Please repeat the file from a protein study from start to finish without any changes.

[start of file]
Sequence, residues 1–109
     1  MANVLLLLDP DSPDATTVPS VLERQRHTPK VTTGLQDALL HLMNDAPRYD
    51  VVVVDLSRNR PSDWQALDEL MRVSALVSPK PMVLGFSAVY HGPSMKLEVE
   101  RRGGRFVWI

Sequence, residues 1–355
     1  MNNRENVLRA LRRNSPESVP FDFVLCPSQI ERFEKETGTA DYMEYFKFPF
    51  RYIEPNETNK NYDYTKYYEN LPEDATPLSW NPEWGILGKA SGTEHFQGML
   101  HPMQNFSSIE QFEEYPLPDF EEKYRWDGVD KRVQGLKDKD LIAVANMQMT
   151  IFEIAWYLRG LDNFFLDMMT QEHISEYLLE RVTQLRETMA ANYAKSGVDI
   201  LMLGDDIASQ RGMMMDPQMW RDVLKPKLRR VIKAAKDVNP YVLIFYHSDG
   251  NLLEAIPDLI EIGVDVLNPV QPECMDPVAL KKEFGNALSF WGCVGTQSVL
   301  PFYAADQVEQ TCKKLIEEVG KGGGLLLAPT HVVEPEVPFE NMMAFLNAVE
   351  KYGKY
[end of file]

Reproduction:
Sequence, residues 1–109
     1  MANVLLLLDP DSPDATTVPS VLERQRHTPK VTTGLQDALL HLMNDAPRYD
    51  VVVVDLSRNR PSDWQALDEL MRVSALVSPK PMVLGFSAVY HGPSMKLEVE
   101  RRGGRFVWI

Sequence, residues 1–355
     1  MNNRENVLRA LRRNSPESVP FDFVLCPSQI ERFEKETGTA DYMEYFKFPF
    51  RYIEPNETNK NYDYTKYYEN LPEDATPLSW NPEWGILGKA SGTEHFQGML
   101  HPMQNFSSIE QFEEYPLPDF EEKYRWDGVD KRVQGLKDKD LIAVANMQMT
   151  IFEIAWYLRG LDNFFLDMMT QEHISEYLLE RVTQLRETMA ANYAKSGVDI
   201  LMLGDDIASQ RGMMMDPQMW RDVLKPKLRR VIKAAKDVNP YVLIFYHSDG
   251  NLLEAIPDLI EIGVDVLNPV QPECMDPVAL KKEFGNALSF WGCVGTQSVL
   301  PFYAADQVEQ TCKKLIEEVG KGGGLLLAPT HVVEPEVPFE NMMAFLNAVE
   351  KYGKY